65 killed after wave of bombings in Baghdad
More than 60 people were killed yesterday in a wave of bombings across Baghdad as Iraq plunged towards unfettered sectarian conflict within days of the departure of American troops.
At least 15 separate blasts struck mostly Shia neighbourhoods of the city, though some Sunni areas were also hit. The attacks ranged from "sticky bombs" -- a bomb stuck to the side of a vehicle -- to fully loaded car bombs, some doubled up to ensure emergency crews were caught by the second blast, a common tactic of Sunni insurgents.
Officials said 65 people were confirmed dead and 179 injured, with the figures expected to rise.
Political leaders immediately connected the attacks to an angry breakdown this week in the relationship between Nouri al-Maliki, the Shia prime minister, and the country's most senior Sunni figures. Mr Maliki, whose Shia-led State of Law party is allied to a radical, anti-US and Iranian-influenced Shia group, on Monday demanded the arrest of Tareq al-Hashemi, the Sunni vice-president, accusing him of running a death squad during the height of the insurgency.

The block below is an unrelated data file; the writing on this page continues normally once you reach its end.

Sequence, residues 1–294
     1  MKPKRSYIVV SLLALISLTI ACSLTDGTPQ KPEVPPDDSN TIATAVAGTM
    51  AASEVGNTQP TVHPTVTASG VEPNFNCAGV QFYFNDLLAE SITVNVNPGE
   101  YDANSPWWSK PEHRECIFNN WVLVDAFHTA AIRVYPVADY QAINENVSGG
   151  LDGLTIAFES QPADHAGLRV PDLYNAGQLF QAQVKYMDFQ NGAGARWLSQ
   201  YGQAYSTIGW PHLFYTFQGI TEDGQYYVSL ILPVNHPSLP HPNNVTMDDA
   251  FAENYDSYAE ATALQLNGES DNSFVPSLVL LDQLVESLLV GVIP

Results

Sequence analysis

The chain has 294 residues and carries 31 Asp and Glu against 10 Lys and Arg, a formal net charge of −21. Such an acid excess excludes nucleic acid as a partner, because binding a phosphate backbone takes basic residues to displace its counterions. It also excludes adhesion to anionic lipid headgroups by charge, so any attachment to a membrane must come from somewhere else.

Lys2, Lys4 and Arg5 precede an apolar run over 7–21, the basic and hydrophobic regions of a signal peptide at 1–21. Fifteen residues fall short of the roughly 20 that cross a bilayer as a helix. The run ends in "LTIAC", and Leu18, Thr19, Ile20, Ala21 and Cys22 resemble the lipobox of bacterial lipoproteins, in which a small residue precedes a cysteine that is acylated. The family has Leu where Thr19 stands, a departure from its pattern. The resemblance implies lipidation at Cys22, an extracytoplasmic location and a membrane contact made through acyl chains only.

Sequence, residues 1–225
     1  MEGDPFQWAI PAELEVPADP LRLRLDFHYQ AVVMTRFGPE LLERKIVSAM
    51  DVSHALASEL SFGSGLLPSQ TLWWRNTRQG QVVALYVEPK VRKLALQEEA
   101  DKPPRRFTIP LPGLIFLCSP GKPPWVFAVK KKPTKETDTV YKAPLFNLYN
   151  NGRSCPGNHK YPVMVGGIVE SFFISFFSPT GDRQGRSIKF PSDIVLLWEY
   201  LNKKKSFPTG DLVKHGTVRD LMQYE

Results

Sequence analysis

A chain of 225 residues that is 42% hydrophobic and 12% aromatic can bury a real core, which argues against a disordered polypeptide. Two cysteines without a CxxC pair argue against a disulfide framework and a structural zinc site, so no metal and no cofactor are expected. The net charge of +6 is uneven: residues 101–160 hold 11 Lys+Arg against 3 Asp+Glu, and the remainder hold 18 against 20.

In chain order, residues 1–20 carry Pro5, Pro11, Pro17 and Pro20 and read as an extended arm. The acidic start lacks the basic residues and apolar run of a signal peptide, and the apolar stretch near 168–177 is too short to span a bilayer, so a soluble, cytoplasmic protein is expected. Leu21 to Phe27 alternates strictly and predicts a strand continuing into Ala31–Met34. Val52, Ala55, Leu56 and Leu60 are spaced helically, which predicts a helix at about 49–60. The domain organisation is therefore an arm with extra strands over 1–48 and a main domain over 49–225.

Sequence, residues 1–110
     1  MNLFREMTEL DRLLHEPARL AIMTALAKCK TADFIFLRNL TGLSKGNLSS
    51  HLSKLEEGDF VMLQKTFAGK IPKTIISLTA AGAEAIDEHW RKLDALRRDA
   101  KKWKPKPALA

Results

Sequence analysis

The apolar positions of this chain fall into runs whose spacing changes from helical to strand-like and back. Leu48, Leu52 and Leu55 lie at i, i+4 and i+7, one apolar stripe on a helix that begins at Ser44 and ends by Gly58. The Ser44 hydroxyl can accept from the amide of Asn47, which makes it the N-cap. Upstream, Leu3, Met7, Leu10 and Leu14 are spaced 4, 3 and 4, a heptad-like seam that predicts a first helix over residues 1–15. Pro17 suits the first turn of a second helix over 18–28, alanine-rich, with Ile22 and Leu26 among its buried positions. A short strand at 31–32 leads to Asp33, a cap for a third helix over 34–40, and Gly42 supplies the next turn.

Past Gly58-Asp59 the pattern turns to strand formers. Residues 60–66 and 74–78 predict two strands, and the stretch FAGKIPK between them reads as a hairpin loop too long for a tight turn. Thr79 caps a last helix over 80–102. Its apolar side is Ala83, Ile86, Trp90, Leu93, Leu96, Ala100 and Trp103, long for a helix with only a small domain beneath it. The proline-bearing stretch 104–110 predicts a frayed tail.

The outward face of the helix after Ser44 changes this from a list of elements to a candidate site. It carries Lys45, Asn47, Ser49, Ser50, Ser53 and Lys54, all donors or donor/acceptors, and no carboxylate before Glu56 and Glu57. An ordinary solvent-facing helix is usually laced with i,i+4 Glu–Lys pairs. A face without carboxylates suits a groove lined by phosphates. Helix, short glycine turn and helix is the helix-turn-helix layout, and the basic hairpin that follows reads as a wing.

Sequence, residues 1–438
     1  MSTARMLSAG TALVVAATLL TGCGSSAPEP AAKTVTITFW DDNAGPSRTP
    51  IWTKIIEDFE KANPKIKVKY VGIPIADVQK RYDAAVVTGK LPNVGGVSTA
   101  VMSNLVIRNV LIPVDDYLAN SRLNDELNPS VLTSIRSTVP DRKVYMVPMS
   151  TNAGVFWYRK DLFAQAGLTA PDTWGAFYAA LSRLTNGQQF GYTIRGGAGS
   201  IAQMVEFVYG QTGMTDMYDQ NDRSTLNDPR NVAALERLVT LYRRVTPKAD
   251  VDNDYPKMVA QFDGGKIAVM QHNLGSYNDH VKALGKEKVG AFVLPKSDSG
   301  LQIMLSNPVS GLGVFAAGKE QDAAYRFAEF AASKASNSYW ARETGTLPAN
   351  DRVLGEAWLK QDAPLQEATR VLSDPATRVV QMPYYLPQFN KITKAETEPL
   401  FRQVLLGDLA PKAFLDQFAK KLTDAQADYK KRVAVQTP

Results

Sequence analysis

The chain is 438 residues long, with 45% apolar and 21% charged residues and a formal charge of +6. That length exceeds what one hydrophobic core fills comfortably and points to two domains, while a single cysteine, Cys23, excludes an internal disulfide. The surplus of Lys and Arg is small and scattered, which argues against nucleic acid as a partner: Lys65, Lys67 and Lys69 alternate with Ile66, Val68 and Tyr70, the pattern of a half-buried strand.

He also called for a vote of no confidence against Saleh al-Mutlaq, the Sunni deputy prime minister.
"The timing of these crimes and the places where they were carried out confirms to all the political nature of the targets," Mr Maliki said last night, suggesting they were a revenge attack and hinting they had political support.
The worst single incident was a suicide attack near a government anti-corruption office in which a stolen ambulance packed with explosives was detonated by its driver, sending debris into the grounds of a nearby kindergarten. Police said 23 people were killed, including five investigators from the office.
A string of three explosions killed 18 people at a construction site in central Baghdad.
Major General Qassim Atta, the Baghdad security spokesman, said: "They didn't target any vital institutions or security positions. They targeted children's schools, day workers, the anti-corruption agency."
William Hague, Britain's Foreign Secretary, condemned the "cowardly attacks".
"I hope that leaders from across the political and sectarian spectrum will pull together to establish a dialogue to ensure Iraq's political stability and build a stable future," he said. (© Daily Telegraph, London)